She cited her own interactions with her family doctor over the last few months. Being able to conduct “visits” over the phone has been a great benefit, she said, arguing those are the kinds of things the province needs to learn from going forward.
Will agreed the shortage of doctors and nurses is a concern, and supported the idea of offering incentives to medical graduates to remain in Newfoundland.
“We urgently need a plan for the recruitment and retention of doctors, nurses, and personal care workers,” Will said, adding community clinics are as important as ever, especially during a pandemic when people are trying to avoid large gatherings such as you might see at a hospital.
“We must improve patient to worker ratios at hospitals and nursing homes. The NDP will introduce dental care for seniors, if elected, so that health problems that can result from not having proper dental care can be caught early,” Will added.
The third and final question focused on how to boost the province’s tourism sector.
Hammond said the Liberal platform recognizes the tourism sector’s importance in the province’s economic recovery, but also understands the setbacks it is currently facing such as transportation to the province.
“Government has a responsibility to help tourism operators, just like all businesses,” she said. “There’s so much available in this district from the fossils at Manuels River, and Bell Island, which to me, is a gold mine of tourism opportunities from the U-Boat history to the cultural heritage. But, of course, if you don’t have a sustainable ferry service, those are going to face barriers as well.”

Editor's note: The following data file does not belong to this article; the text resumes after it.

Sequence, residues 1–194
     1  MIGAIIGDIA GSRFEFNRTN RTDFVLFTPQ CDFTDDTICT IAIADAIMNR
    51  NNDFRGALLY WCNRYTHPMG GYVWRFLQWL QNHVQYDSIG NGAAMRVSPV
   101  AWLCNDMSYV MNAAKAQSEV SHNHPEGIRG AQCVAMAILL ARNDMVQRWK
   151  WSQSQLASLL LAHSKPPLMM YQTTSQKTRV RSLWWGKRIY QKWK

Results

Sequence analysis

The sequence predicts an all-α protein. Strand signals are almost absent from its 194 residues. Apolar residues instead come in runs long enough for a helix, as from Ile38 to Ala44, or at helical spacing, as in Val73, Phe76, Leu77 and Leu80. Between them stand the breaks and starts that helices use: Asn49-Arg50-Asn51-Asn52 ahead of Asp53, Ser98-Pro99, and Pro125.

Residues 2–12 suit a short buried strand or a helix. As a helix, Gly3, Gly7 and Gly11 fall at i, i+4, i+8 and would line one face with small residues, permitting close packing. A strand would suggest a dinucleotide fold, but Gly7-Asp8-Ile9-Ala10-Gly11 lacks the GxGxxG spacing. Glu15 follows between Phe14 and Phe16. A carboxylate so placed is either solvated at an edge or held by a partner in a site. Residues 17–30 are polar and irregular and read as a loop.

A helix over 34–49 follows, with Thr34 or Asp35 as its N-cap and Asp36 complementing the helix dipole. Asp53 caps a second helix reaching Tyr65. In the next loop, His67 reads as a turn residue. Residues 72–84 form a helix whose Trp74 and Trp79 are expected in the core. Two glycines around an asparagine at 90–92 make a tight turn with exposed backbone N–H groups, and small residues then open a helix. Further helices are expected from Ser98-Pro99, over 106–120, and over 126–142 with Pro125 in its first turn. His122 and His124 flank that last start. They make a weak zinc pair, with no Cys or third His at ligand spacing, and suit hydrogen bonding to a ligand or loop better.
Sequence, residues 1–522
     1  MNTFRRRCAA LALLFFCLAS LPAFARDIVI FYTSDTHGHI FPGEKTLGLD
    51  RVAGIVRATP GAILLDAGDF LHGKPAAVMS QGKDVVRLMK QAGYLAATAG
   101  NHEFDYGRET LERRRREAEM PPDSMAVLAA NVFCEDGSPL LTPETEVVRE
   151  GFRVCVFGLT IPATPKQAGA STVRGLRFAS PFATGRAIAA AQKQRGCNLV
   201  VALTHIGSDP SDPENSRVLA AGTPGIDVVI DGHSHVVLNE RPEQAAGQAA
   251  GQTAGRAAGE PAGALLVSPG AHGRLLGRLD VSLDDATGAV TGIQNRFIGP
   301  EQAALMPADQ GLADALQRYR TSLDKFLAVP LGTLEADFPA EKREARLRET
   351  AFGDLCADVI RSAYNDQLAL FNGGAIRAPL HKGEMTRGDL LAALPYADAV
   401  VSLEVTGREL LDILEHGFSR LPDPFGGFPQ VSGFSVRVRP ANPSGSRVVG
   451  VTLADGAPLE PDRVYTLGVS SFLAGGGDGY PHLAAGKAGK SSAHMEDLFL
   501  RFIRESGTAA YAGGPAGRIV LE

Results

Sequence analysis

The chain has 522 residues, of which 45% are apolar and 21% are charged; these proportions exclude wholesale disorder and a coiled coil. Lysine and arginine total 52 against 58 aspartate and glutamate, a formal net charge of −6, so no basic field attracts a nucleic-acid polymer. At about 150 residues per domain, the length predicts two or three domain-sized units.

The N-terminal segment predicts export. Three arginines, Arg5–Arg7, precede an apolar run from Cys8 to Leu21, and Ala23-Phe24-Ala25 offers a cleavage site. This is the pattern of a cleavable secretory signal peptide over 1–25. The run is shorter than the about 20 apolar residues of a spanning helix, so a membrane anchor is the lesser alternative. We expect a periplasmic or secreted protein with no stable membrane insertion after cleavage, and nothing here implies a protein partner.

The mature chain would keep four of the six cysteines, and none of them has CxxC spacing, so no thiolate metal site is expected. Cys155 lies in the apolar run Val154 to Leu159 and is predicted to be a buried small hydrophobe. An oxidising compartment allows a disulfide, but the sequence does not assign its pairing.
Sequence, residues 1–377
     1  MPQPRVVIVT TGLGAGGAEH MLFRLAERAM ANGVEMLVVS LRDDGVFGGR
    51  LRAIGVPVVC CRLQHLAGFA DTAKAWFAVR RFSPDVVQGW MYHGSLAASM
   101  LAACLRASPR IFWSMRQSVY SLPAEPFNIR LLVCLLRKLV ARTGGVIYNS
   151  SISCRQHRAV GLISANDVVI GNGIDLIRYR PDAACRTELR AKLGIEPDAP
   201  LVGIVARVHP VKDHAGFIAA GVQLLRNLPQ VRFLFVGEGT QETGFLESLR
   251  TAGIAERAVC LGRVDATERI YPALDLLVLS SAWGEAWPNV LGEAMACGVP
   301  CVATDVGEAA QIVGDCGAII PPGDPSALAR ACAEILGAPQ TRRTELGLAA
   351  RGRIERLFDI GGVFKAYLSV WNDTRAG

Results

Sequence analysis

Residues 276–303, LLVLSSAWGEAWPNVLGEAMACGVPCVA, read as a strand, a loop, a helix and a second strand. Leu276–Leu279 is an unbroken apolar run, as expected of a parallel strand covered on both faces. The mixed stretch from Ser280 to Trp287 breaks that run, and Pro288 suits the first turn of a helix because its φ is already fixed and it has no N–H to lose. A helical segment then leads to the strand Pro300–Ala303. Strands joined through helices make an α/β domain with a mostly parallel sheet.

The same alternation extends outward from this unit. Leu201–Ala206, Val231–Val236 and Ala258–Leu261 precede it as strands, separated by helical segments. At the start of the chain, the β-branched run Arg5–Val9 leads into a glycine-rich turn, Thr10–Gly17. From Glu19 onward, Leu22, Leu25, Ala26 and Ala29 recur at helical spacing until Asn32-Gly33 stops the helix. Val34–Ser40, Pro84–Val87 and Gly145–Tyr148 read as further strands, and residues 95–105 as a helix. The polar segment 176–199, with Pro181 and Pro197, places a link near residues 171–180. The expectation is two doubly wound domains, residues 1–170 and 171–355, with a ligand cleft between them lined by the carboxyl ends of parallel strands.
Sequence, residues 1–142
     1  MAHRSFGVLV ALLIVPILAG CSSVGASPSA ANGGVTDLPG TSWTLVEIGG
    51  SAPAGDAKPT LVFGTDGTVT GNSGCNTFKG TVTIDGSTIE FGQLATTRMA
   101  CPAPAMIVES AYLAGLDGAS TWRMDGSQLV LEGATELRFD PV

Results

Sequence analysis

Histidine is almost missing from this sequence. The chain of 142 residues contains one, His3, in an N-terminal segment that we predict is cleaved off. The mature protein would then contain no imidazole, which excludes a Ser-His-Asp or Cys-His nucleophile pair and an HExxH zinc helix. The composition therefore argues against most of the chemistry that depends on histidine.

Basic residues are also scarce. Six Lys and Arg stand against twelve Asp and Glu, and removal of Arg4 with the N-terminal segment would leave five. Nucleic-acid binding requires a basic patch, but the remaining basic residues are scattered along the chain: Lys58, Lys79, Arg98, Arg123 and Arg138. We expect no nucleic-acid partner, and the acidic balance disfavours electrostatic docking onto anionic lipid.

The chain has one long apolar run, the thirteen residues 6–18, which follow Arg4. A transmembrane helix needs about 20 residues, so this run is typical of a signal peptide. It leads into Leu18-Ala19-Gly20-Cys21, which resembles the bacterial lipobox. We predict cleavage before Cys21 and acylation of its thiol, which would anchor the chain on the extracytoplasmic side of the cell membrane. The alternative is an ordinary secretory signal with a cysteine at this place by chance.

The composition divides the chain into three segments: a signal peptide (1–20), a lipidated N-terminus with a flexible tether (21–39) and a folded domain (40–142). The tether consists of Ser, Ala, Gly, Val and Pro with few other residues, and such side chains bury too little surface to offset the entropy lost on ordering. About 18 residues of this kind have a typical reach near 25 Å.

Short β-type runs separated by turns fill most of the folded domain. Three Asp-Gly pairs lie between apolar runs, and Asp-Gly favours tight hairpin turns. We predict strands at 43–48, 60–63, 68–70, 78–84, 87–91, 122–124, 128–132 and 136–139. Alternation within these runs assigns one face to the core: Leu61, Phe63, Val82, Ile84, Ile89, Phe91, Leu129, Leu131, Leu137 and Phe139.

Will, whose publishing company Boulder Books has published a number of tourism guides, said many businesses suffered in 2020, and the tourism industry will likely suffer for the foreseeable future without support from all levels of government.
“We need the federal government to continue supporting local businesses, and people who provide critical services to the tourism sector,” Will said. “Support for the people who would normally be employed by the tourism sector must also continue. If not, skilled workers may no longer be available, and tourism will suffer.”
Will said the province needs to get a head start on promoting Newfoundland so that those who are eager to travel already have a destination in mind when the pandemic is over.
“Prior to the pandemic, tourism was a booming industry,” Will said. “So, let’s use that to our advantage, and promote our province as a place to visit once it is safe to do so.”
Brazil said a PC government would promote vacationing at home, or ‘Staycationing,’ to help the industry get through the pandemic. Investing in infrastructure, signage, and technology would also be important, he said.
“We would ensure that we have a collaborative approach with all the industry stakeholders,” Brazil said. “Every lens that we would put on investments in government, would also take into account what impact it would have on the tourism industry itself. So, if we’re doing something that talks about infrastructure, what impact would that potentially have on tourism?”
Brazil said there’s a wealth of knowledge within the district when it comes to tourism.
“We have the infrastructure here,” he said. “We just have to improve it, market it, and we need to develop those partnerships. That’s very easily done due to the fact that we have a chamber of commerce here, we have heritage societies, we have tourism groups that are apt to do this, so we’re in a good place to do this. We just need all of the partners to come aboard – the provincial and federal governments, and all the municipalities – and do their part.”